How I Learned What I Learned is August Wilson’s last play, one that he performed himself in 2003 in Seattle, a couple of years before he died. It’s a portrait of the artist as a young man in the Hill District, structured as a loose collection of stories, some delivered in a blunt, direct, and at times expletive-laden manner, others told with flights of lyricism that capture Wilson’s poetic aspirations and achievements. Over the course of about two hours we hear about Wilson’s first kiss, his financial struggles, and his early love affairs, as well as about the rich cultural life in the Hill midcentury and the many and various forms racism took (and continues to take). The individual stories are beautifully crafted, showcasing Wilson’s skill as a storyteller in top form. But their organization as a whole feels haphazard, and as a result the performance leaves an overall impression of being caught in the company of a beloved uncle who’s holding court entertaining the young’uns with tales of the old days. Jetlagged as I was after my return from Zurich I found this a bit taxing, but my theater companion was captivated and enthralled, so I don’t know whether my reaction to the structural formlessness of the script was due to my fatigue or its meandering. (I have a vague recollection of having been told that Wilson never finished this script, and a little googling seems to confirm that no “final” version of the text was ever nailed down, so it would be unfair to take Wilson to task on a play he was never able to finish in any case).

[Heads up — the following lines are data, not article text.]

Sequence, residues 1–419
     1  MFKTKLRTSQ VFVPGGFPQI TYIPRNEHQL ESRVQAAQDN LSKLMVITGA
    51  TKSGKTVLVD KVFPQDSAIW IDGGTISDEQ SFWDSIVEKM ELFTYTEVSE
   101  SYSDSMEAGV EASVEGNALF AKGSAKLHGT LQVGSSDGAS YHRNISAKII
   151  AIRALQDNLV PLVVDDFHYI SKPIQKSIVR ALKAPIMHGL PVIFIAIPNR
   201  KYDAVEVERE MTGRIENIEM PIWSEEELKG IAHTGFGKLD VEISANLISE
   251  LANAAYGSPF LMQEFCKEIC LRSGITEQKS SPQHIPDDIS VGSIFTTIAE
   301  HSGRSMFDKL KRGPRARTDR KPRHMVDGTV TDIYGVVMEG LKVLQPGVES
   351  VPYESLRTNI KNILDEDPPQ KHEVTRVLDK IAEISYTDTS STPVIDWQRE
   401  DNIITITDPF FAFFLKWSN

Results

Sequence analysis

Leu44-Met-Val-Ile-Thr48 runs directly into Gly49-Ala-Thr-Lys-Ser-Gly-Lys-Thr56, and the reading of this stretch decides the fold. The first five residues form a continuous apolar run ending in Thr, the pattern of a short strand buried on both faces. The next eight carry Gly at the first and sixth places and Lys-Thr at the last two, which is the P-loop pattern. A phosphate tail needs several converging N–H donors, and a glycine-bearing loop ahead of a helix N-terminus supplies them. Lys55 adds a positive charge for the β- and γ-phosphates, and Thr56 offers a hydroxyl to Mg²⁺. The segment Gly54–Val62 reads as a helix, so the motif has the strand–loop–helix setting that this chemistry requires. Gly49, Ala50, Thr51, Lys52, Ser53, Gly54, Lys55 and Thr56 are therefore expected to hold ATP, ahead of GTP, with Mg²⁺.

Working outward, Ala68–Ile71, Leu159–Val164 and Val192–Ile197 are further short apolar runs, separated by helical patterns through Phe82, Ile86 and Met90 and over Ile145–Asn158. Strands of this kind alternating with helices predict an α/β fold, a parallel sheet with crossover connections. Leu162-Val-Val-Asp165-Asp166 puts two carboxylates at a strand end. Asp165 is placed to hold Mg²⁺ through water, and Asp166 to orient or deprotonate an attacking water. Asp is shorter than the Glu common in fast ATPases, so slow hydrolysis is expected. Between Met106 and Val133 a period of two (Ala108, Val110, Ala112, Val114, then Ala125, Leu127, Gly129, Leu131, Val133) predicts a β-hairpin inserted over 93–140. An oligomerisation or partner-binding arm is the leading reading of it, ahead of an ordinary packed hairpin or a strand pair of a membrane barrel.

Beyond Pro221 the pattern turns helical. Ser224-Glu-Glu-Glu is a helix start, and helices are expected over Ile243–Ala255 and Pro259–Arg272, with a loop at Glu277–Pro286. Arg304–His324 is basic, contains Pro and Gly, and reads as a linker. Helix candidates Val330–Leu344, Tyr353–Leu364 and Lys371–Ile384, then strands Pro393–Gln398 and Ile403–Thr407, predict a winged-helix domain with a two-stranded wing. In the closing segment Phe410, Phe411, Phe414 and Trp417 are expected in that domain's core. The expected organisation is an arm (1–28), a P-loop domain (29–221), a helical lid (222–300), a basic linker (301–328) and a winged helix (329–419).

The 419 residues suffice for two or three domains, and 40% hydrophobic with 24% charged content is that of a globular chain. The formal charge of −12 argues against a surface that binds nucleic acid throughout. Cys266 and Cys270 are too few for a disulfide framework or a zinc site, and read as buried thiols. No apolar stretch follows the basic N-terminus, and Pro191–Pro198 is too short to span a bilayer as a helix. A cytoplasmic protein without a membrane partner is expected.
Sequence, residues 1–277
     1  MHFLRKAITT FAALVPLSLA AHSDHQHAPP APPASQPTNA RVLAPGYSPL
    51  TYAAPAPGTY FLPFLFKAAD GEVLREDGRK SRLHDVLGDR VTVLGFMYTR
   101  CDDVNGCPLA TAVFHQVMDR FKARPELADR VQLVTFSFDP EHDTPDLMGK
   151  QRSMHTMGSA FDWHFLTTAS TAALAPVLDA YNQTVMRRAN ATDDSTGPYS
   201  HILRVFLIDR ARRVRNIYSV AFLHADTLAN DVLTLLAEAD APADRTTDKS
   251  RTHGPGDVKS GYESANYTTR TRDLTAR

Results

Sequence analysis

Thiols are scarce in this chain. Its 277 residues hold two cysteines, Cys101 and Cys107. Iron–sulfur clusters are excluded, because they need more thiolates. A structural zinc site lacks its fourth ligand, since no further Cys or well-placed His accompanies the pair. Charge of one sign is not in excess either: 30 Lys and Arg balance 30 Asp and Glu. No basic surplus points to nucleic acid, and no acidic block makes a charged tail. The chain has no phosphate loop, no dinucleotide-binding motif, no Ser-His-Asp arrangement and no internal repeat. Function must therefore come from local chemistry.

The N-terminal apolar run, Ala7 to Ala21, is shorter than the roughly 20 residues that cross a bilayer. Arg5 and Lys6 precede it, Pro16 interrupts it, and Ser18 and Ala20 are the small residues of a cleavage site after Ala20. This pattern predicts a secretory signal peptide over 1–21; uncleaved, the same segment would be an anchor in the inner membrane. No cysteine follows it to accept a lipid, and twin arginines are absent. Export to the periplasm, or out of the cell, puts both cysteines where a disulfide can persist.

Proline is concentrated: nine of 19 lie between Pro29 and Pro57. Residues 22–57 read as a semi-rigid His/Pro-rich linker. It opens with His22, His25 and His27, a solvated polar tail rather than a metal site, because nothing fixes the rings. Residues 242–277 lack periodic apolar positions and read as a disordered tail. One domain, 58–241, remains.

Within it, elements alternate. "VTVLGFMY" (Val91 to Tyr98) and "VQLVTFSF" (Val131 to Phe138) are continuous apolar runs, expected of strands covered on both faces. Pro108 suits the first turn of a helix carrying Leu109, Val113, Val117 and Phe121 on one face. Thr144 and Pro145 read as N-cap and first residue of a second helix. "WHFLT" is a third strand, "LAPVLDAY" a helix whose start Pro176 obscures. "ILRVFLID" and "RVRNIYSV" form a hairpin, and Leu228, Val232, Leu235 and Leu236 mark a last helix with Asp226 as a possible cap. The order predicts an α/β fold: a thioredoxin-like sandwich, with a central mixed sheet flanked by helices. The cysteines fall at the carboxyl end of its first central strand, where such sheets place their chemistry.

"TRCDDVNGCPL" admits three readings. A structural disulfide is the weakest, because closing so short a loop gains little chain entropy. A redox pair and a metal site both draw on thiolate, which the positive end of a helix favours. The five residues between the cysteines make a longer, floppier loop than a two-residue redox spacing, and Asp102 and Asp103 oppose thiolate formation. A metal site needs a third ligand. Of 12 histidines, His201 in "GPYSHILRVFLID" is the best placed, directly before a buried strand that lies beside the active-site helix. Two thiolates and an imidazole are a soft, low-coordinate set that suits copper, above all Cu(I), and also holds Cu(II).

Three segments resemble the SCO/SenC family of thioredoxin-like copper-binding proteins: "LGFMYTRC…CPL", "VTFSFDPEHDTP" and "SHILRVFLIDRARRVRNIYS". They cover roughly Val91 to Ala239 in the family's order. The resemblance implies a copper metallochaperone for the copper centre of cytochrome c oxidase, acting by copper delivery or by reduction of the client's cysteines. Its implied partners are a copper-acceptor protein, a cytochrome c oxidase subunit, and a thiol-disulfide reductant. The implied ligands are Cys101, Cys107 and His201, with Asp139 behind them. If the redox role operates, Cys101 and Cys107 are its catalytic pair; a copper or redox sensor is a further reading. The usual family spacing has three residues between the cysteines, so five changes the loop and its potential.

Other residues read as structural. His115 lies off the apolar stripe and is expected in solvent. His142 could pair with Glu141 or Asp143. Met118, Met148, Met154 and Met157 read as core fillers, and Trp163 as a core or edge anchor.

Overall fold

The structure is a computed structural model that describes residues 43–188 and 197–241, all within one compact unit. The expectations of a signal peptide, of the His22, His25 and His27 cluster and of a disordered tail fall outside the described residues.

Eugene Lee is absolutely terrific as that “beloved uncle,” bringing the right touches of irony, cynicism, anger, and sentimental nostalgia at all the right moments. How I Learned What I Learned is both a funny play that will get you to laugh at yourself and a serious one that demands reflection on how race impacts us all. Lee’s dry “seen-it-all, done-it-all” delivery makes room for that reflection and invites us to share his (that is, Wilson’s) umbrage at the ways in which the color of his skin predetermined so much of his experience.
David Gallo has designed a gorgeous set that refers simultaneously to the detritus of Wilson’s (and Pittsburgh’s) history (in the bits and pieces strewn in the dirt beneath the stage on which Lee stands) and to the stories Wilson crafted from that history (in the hundreds of pieces of paper hanging as backdrop to the stage). Projected scene titles are cleverly “typewritten” onto those pieces of paper, perpetually reminding us that writing is a form of making and remaking, a labor of imprinting ideas onto the world. Writing – storytelling – was the labor to which August Wilson devoted his life, so that – one must presume he hoped – there would come a time when others would no longer need to learn what he learned. Funny as it is, the play is also a sober reminder of how much labor remains to be done in that respect.